Friday, October 31, 2008

Got the vote out

I thought it was too late to register for early voting, but I registered and voted today with my dad. The line was pretty long when we got there around noon, but we went out for lunch and came back to a much smaller line. Now I won't have to wait around in an even longer line on e-day before getting to the Drinking Liberally par-tay! (If you're in/near Moscow on election day, email or call me for details)

Tuesday, October 28, 2008

Restraint

In the past four or five years, if it's this close to Halloween, I've usually read six or seven editorials about how kids these days wear slutty halloween costumes and need to cover their shame - always illustrated by a woman wearing an extremely small costume. I'm impressed that I haven't seen the normal deluge of this titillation masquerading as opinion this year.

Pop culture synchronicity

Funny how they reach the Cuban Missle Crisis on Mad Men the weekend before Fallout 3 comes out.

Monday, October 27, 2008

Leverage

Kevin, M.D. is concerned that single-payer healthcare plans dictate the prices of medical procedures to providers.

But that's exactly the point, Kevin. If providers don't like the contracts they've negotiated with insurers, they need better negotiators, or to find ways to cut the costs of procedures. It costs a heck of a lot more to get an MRI in the US than in Japan, and this isn't merely because the technology is more available in Japan.

Saturday, October 25, 2008

The rule about liberals

They never actually feel what they say they do - they repress and obfuscate so that they can live in the miserable world where women have control over their bodies and it is absurd to spend more than a hundred thousand dollars on clothes in the space of two months that saw millions lost from Americans' retirement savings.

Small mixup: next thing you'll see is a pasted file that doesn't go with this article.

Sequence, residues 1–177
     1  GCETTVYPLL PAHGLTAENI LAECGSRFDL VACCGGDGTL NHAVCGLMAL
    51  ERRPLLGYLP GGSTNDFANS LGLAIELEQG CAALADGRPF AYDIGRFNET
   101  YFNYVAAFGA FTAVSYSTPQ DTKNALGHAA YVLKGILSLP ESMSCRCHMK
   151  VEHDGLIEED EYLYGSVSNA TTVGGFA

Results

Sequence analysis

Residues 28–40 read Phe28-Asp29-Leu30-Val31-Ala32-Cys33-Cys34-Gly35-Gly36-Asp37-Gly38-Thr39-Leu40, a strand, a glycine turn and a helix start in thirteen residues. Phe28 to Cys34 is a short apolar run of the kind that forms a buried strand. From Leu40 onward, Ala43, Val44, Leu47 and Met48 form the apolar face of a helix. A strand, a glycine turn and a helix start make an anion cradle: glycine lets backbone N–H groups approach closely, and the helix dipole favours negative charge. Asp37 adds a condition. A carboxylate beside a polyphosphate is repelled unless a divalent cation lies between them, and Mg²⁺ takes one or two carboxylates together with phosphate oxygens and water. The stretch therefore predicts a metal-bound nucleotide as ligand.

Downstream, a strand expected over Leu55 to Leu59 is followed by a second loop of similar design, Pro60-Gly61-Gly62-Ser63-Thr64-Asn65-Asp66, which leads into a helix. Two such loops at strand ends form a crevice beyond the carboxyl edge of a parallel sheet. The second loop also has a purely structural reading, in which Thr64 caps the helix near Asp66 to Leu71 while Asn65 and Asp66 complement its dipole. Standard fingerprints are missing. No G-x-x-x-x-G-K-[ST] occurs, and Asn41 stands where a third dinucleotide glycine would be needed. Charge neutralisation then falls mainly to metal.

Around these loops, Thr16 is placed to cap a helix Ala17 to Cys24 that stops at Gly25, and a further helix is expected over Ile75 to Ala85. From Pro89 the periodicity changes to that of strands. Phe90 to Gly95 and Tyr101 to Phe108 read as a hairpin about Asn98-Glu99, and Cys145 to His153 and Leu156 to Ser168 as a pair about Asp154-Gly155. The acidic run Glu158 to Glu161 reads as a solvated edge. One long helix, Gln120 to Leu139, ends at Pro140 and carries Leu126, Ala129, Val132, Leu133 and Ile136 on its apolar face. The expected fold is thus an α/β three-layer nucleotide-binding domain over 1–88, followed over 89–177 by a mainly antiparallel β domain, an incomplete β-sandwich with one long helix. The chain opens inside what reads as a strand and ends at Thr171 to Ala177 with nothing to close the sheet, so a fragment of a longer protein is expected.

Thursday, October 23, 2008

Words mean things.

Sarah Palin doesn't know whether Americans who bomb abortion clinics to intimidate their patients and staff are terrorists. It's not terrorism until it threatens the elites in the federal government. Regular American women and their doctors, sure, go get 'em. Don't you worry about going to Guantanamo.

PALIN: (Sigh). There’s no question that Bill Ayers via his own admittance was one who sought to destroy our U.S. Capitol and our Pentagon. That is a domestic terrorist. There’s no question there. Now, others who would want to engage in harming innocent Americans or facilities that uh, it would be unacceptable. I don’t know if you’re going to use the word terrorist there.
(Sigh) is right. Plus, I think, (eyeroll).

Wednesday, October 22, 2008

Takes one to know one

I got an email from a panicky-sounding Bill Sali today (Subject: Help keep Sali TV Ads on the Air), concerned about "out of state liberal interest groups [who] are spending millions of dollars trying to defeat [him]." Maybe recent poll numbers have spooked him?

So it's not okay when Democrats work together nationwide to win congressional seats, but it is totally sensible to drain millions of dollars from the Club for Growth, an out-of-state special interest group, into a race a competent campaigner could easily win for Republicans?

Stimulating the economy and eliminating wasteful government spending at the same time!

...that's what we can count on Sarah for.

Is it just me or is Republican hypocrisy getting less hilarious all the time? We've heard this one. It was funny the first four hundred or so times, but it's getting kind of old by now. There seems to be something flawed about the concept of trying to live as a symbol of your beliefs.

Tuesday, October 21, 2008

With enemies like these...